Understanding the Effects of Recommender Systems on Consumer Views and Behaviors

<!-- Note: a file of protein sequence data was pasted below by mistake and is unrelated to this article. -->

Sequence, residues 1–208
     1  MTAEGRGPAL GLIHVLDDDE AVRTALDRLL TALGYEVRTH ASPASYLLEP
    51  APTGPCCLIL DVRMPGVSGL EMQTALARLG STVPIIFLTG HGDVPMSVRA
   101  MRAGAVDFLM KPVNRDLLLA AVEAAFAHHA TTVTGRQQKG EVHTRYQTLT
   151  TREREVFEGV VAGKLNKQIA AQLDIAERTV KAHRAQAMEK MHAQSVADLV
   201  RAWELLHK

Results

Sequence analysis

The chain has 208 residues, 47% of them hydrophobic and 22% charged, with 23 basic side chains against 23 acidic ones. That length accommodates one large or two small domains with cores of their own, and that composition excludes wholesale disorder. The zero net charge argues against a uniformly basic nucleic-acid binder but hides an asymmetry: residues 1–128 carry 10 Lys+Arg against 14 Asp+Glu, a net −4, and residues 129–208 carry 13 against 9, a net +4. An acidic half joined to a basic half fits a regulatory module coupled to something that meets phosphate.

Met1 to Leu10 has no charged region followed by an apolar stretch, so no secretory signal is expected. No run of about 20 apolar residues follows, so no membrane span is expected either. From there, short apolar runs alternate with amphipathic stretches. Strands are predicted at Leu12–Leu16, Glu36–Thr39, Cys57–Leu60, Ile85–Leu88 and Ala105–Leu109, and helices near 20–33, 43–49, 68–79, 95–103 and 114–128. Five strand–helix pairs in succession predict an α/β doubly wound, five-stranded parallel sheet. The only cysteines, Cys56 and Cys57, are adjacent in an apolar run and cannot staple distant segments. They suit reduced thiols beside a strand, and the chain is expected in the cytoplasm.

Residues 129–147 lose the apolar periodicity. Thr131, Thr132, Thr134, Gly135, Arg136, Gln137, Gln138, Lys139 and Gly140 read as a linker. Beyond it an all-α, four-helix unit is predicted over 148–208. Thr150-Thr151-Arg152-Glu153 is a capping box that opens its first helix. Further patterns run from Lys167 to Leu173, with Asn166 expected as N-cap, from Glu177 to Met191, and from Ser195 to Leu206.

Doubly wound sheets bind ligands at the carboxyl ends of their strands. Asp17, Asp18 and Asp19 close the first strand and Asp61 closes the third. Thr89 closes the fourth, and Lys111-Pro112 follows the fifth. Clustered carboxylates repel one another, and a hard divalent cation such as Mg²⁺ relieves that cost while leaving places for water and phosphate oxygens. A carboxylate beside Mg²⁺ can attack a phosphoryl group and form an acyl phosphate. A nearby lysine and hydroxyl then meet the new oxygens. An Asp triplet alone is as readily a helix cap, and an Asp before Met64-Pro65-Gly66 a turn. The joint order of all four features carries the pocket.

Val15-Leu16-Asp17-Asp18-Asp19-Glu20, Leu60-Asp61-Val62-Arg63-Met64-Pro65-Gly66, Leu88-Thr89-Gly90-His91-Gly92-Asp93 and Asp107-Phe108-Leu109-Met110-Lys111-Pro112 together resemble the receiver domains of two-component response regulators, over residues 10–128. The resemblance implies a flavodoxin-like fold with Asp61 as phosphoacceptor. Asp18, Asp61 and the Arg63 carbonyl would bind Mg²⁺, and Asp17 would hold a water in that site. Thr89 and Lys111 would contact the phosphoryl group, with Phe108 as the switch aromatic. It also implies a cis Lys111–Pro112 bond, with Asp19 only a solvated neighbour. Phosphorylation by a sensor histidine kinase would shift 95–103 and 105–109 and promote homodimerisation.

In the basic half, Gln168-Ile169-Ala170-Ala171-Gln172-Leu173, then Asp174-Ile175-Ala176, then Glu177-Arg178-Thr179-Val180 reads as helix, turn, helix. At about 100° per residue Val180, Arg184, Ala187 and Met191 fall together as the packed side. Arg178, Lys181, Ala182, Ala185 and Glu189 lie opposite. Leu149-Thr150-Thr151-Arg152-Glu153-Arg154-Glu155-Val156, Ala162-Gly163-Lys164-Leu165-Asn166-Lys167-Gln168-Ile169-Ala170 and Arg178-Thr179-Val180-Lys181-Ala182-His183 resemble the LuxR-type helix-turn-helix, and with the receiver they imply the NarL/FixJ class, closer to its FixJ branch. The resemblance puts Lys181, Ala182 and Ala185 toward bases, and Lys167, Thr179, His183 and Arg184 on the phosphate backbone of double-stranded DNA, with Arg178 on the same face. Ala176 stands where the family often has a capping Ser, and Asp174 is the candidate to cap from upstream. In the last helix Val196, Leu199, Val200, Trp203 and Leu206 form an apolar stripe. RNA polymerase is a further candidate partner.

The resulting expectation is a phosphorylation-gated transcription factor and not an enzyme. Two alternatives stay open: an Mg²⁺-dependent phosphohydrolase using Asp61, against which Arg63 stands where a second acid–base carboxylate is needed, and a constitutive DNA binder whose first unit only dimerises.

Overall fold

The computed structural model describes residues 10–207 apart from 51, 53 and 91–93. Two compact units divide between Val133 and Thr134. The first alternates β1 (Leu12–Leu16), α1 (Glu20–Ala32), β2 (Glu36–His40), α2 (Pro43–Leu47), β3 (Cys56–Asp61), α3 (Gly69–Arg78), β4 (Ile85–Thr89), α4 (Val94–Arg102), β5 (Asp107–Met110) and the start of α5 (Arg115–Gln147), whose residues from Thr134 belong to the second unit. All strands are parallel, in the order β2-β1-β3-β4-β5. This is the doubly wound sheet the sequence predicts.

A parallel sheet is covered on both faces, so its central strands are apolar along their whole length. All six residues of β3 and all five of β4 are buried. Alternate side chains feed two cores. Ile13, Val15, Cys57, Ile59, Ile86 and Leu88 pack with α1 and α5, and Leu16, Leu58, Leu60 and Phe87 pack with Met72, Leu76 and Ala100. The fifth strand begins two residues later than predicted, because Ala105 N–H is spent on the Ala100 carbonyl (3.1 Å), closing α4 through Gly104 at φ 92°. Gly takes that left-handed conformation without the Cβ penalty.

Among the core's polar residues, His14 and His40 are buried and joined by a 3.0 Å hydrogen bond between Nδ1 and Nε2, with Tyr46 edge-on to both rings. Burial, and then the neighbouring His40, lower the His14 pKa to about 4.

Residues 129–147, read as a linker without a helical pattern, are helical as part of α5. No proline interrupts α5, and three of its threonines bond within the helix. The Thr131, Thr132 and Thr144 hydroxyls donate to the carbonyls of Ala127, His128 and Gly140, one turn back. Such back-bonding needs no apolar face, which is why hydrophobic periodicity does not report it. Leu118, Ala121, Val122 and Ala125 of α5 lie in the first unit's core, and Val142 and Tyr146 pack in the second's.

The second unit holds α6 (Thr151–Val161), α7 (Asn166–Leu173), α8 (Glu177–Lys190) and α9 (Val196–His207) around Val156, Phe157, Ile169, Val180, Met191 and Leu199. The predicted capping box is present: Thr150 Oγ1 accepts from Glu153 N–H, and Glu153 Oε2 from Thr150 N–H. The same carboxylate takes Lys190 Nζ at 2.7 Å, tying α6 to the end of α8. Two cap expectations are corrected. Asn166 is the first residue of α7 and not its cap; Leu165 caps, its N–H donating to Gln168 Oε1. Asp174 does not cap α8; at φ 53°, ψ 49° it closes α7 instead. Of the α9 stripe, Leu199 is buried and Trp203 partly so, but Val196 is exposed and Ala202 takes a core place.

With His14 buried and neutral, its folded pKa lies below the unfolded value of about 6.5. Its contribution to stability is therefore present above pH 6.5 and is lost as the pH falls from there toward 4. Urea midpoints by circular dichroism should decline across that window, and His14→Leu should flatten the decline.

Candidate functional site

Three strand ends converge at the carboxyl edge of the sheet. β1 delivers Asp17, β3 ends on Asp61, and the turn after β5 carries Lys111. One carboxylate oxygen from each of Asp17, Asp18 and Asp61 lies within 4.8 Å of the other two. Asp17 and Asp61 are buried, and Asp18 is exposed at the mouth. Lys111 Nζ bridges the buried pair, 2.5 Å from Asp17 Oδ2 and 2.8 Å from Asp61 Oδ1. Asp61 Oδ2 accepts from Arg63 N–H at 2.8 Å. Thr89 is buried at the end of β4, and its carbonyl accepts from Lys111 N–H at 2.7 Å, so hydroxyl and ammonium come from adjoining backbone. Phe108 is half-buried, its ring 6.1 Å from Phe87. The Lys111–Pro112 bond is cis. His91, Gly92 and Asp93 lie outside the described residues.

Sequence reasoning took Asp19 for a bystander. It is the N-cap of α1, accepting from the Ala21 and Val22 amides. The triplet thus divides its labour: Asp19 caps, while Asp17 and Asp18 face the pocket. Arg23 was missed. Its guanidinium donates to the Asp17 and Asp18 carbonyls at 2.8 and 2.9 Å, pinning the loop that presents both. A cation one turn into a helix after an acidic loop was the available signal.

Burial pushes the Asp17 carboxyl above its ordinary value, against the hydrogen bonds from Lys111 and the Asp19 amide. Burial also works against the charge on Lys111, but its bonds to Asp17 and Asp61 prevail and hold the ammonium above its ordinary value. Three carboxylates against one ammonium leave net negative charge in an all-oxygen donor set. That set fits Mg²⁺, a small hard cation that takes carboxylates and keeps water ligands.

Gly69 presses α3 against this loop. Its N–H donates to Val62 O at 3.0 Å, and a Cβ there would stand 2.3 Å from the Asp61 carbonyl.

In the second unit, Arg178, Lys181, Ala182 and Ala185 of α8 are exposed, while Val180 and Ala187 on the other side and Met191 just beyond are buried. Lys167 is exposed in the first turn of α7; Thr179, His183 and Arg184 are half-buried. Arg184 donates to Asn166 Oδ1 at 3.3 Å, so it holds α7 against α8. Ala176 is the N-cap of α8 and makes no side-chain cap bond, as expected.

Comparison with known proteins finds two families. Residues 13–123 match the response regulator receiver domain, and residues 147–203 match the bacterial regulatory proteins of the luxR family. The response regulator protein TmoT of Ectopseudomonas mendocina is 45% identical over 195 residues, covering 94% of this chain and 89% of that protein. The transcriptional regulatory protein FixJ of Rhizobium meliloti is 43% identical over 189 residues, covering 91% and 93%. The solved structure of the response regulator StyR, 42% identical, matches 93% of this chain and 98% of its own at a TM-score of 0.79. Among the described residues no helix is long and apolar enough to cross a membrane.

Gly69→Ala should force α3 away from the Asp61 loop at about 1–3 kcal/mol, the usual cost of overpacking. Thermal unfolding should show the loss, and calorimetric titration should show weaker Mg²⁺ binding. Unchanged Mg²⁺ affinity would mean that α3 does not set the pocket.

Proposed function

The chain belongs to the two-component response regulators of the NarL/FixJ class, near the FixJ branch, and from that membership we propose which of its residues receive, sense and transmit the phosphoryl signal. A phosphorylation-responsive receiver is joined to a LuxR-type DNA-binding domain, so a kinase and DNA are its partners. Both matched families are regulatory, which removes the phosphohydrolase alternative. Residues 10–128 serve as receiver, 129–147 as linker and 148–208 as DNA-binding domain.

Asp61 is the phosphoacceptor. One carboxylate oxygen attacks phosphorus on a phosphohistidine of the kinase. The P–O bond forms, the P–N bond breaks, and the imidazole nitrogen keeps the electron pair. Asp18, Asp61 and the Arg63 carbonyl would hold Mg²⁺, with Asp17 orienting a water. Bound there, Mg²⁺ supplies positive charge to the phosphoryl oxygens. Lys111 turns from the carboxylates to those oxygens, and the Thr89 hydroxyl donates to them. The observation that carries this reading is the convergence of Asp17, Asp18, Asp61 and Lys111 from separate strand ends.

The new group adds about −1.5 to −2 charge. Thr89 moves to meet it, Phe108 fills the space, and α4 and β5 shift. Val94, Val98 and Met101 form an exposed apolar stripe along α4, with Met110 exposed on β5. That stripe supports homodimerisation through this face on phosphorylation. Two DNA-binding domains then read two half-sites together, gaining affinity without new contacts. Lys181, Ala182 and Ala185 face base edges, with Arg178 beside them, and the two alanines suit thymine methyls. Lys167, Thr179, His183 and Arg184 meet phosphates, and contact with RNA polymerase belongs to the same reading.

Interacting with online personalization and recommendation systems can have unintended effects on consumer preferences and economic behavior.  In particular, consumers’ self-reported judgments can be significantly distorted by the system-predicted ratings that have been previously observed by consumers.  This talk provides an overview of our recent stream of studies on this phenomenon.  In particular, we find that a recommendation provided by an online system affects consumers’ ratings for products, even when the ratings are submitted immediately following consumption.  We also find that recommendations displayed to participants significantly sway their willingness to pay for items in the direction of the recommendation.  As recommender systems continue to become increasingly popular in today’s online environments, removing or mitigating such system-induced biases constitutes an important research problem.  We further discuss user-interface-based approaches to proactively preventing biases before they occur, i.e., at rating collection time.  Through laboratory experimentation, we identify and report relative benefits and limitations of graphic vs. numeric user interface designs of recommender systems.